Extension of Remarks: Upward mobility
Published: August 7, 2013 01:35PM
Updated: August 7, 2013 01:44PM

Upward mobility: Salt Lake the best of a bad lot — Salt Lake Tribune Editorial
The bad news is, people born poor in Salt Lake City have only an 11 percent chance of earning their way into the top fifth of income-earners.
The worse news is, that’s the good news.
Here in the United States of America, the Land of Opportunity, where all it takes to make it are your own grit, determination and hard work, the fact is that people from every income bracket find that their positions are what is called "sticky." That means that people who are born poor tend to stay poor, and people who are born rich tend to remain rich.
It has, of course, ever been thus. But a new national survey of income data builds on what was already known from a previous Utah-based study: When it comes to upward mobility, Salt Lake City is the best of a bad lot. ...

SLC residents have best shot at going from rags to riches — Paul Beebe | The Salt Lake Tribune
Study » Children here are the most likely to jump from lowest 20% of income into top 20%.

The Equality of Opportunity Project — Upward Mobility in the 50 Biggest Cities: The Top 10 and Bottom 10

Report: Salt Lake City wages still trail U.S. averages— Paul Beebe | The Salt Lake Tribune
Jobs » Lower cost of living, young population key factors in lower compensation.

Worker Wages: Wendy's vs. Wal-Mart vs. Costco — CNN Money
... Can a company pay its workers well and also make money? ...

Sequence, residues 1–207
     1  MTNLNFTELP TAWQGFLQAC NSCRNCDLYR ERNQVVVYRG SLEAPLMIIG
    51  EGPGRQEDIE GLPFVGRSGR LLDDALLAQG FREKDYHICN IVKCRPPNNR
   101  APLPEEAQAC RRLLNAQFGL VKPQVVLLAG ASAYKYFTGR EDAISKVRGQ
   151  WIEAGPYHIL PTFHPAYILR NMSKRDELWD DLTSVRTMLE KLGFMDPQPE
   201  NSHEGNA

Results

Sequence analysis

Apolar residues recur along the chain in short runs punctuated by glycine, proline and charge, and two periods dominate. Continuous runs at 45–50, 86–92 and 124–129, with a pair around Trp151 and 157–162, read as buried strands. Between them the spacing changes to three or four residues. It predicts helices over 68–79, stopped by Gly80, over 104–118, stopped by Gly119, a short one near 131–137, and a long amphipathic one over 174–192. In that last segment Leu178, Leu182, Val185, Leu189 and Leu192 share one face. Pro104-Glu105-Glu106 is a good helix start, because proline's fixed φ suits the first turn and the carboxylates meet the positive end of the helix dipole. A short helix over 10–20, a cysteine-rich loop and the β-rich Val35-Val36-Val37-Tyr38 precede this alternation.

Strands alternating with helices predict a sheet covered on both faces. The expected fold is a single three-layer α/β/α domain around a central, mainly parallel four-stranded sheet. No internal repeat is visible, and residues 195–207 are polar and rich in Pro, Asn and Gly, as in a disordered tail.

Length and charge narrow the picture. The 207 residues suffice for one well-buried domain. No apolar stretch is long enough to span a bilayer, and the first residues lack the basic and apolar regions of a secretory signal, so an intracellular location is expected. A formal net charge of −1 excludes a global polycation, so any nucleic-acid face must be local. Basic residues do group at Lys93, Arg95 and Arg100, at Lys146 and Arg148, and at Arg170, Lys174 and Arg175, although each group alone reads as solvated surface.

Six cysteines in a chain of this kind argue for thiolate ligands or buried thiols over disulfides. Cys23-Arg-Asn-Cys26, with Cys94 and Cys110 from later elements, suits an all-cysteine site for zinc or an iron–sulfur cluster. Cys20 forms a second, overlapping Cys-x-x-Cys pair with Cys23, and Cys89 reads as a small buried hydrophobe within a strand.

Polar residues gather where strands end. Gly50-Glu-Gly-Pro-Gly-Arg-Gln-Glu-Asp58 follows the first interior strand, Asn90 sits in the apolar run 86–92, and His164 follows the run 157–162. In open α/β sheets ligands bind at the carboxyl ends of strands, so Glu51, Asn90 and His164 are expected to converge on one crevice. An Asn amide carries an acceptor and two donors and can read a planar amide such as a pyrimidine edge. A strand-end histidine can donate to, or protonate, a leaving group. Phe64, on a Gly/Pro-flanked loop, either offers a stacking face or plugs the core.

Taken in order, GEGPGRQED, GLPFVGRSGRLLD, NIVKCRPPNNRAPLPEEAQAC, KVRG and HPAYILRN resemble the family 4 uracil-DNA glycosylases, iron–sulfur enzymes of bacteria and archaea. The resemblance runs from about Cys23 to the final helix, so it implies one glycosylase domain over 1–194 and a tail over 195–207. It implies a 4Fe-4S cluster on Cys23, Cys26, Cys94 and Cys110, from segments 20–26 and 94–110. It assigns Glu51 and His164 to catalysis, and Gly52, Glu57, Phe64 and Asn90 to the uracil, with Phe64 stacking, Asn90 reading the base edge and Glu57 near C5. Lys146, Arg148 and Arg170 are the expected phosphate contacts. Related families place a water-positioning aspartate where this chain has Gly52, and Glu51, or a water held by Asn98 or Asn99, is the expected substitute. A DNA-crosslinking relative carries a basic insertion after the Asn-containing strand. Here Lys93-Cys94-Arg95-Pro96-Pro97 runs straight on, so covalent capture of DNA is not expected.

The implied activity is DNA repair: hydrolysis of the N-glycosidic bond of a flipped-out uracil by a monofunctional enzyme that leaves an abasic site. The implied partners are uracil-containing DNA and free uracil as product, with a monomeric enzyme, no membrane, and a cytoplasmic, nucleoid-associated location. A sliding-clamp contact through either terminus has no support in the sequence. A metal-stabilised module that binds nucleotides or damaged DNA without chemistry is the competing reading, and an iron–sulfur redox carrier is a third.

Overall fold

Working for McNuggets no dream for Americans — Mary Sanchez | The Kansas City Star
... As the low-wage sector goes, so goes the nation. That’s the message every middle-class American should be getting. ...

Education leads to success — Ogden Standard-Examiner Editorial
... Despite the tough times, we don’t share that pessimism. There is a path toward better economic security. It’s education. ...

Benefits of preschool are clearly documented — Deborah Stipek | For The San Jose Mercury News
Opponents of President Barack Obama's plan to increase access to quality preschool can criticize studies to support their political agenda, but science is on the side of advocates. Research demonstrating the benefits of preschool is strong and consistent. ...

America’s Main Street economy versus the Wall Street — Duane Catlett | For The Helena Independent-Record
... Real job creation and Main Street economic growth comes only from U.S. government deficit spending at times when the private sector is not producing enough jobs to generate disposable income in family budgets. ...

Obama’s surprise: Get government out of mortages — Arizona Republic Editorial

Housing market up despite the feds — Prescott Daily Courier Editorial